Winnipeg councillor wants Arlington Bridge to become Reconciliation Way
'We're reconciling the entire city and bridging that gap'
A rookie city councillor is proposing to rename Winnipeg's Arlington Bridge to show respect to the city's Indigenous population.
Point Douglas Coun. Vivian Santos will table a motion at the Lord Selkirk-West Kildonan Community Committee next week to change the 107-year-old structure's name to Reconciliation Way.
"I'm doing it as a gesture and because it is very symbolic. I want to be able to reach out to the Indigenous community," Santos said.
"It's in the centre of Winnipeg, in the middle of the city, and connects the North End to the south end. We're reconciling the entire city and bridging that gap."
She had discussed the idea while working as executive assistant to Mike Pagtakhan, the area's long-time councillor. He decided not to run in last year's civic election, opening the door for Santos to run for his seat on council, which she won.
"When he sprung it on me that he wasn't seeking re-election, Mike said, 'Go ahead, you can use this for yourself. It's a great motion and I'll let you take it.'"
The Arlington Bridge, which spans the railway yards that separate the North End from downtown Winnipeg, was completed in 1912 and has undergone numerous repairs. City council was first told in 1967 that it was approaching the end of its useful life, but replacement plans have routinely been put off in favour of repairs.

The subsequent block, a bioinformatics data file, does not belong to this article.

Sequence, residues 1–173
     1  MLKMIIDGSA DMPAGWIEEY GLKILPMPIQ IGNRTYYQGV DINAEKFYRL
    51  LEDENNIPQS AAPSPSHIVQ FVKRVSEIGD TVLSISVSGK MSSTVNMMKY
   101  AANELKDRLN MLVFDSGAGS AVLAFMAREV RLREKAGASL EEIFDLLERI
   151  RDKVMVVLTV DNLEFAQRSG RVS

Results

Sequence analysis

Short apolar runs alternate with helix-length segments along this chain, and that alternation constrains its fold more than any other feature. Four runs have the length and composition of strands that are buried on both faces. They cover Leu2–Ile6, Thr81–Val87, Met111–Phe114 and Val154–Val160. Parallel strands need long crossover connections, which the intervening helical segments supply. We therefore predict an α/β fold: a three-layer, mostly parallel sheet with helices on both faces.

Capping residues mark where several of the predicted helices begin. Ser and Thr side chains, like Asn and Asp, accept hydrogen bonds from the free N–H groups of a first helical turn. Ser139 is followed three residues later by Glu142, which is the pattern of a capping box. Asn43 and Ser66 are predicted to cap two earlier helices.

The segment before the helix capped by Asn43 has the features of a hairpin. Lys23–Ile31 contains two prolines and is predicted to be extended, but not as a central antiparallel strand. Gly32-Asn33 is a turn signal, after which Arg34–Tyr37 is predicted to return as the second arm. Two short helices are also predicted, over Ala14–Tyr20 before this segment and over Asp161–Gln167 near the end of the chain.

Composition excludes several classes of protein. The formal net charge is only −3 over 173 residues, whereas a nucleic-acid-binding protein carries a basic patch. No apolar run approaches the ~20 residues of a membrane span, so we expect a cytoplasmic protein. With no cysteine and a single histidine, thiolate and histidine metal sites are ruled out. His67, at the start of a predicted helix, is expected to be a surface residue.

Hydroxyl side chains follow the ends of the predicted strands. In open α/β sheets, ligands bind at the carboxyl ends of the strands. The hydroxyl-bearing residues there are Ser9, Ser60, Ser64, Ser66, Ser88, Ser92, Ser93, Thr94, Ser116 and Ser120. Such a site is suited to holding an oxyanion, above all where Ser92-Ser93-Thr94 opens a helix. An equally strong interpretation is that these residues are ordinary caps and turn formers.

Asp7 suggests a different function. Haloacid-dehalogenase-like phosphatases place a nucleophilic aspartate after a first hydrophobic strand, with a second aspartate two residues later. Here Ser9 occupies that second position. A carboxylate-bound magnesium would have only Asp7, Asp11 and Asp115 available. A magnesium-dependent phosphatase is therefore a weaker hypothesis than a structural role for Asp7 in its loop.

In 2014, the city revealed the bridge had been found unsafe for drivers and should be closed within five years. It then launched a year-long study to figure out if it should be rebuilt, or if drivers can get through the area a different way.
Two years later, the city allocated $2 million for a preliminary bridge replacement study. That resulted in estimates of just over $330 million for a new bridge, with construction to begin in 2020.
The city then turned to Winnipeggers for feedback, hosting a series of open houses, and unveiled the latest design and proposal early in 2018.
The design preferred by city engineers is a 550-metre bridge supported in the centre by a steel-tied arch that would rise 45 metres off the ground.
The new bridge would also be three lanes wide, rather than the current two, but would be expandable to four lanes in the event McPhillips Street is closed for construction.
The city said it would need to secure federal and provincial funding, then take another two years to complete a detailed design and acquire 46 parcels of land required to complete the job by 2024.
Santos said she expects the next update on the project and the final design to come out this year.
A new structure would take on her proposed name change, should it eventually be approved by council, she said.